The central province of Quang Nam is seeking long-lasting, environmentally-friendly approaches to prevent erosion, which have left ugly scars on the coast of its world heritage site Hoi An town.

The over 7-km-long coastline in Hoi An, home to many high-end tourist facilities, has been seriously eroded, triggered by tidal waves.

Studying the situation, Professor – Dr. Hitoshi Tanaka and his colleagues from Japan’s Tohoku University agreed that current protection measures using concrete or bamboo piles, sand sacks, and big rocks are not sustainable and environmentally-friendly.

Data collected on changes in the coast over decades and a recent study conducted in two consecutive years of 2013 and 2014 showed Hoi An coast features a long stretch of soft sand, which is easily impacted by sea waves and water rise.

Sand dredge and the construction of upstream Thu Bon river structures kept sand and sediment from reaching the sea and were partly blamed for the current coastal erosion.

The professor suggested supplementing sand for the coast, building embankment system, underground dikes and banks, among others, to absorb wave impact and reduce loss of sand and sediment, thus recreating sand beaches.

Sharing the view, Director of the Research Institute for the Management of Seas and Islands under the Vietnam Administration of Seas and Islands, Vu Thanh Ca stressed the need for strictly banning sand dredge in downstream areas of the Thu Bon river and along the province’s coast.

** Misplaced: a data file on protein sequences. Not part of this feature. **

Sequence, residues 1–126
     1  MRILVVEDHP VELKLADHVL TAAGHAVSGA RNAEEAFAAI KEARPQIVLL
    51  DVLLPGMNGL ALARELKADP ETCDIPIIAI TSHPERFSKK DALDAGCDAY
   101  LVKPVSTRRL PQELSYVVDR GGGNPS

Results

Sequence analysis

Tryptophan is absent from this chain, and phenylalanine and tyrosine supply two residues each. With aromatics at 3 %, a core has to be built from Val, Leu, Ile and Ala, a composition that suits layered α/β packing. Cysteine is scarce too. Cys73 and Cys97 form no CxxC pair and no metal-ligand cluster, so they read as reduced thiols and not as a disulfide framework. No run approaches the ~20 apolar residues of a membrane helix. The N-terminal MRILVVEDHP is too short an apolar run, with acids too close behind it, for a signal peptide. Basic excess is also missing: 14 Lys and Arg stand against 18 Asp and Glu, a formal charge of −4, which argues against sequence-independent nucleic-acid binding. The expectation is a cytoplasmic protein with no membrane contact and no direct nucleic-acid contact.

Experts proposed to delve into conditions of topography, geology , hydrogeology, wind regime , and wave currents in Hoi An coastal waters and its vicinity so as to take suitable, feasible technical solutions to prevent sea water intrusion and erosion.

Professor - Dr Nguyen The Hung from Da Nang University of Technology said his team has used cost-efficient, environmentally-friendly concrete and polymer piles to create a sandbank that helps prevent coastal erosion while protecting sand beaches for tourism purpose.

Suggestion and experience shared by the experts will help the province establish a scientific foundation for the launch of productive prevention measures, Nguyen Phu, Director of the provincial Department of Construction, affirmed.-VNA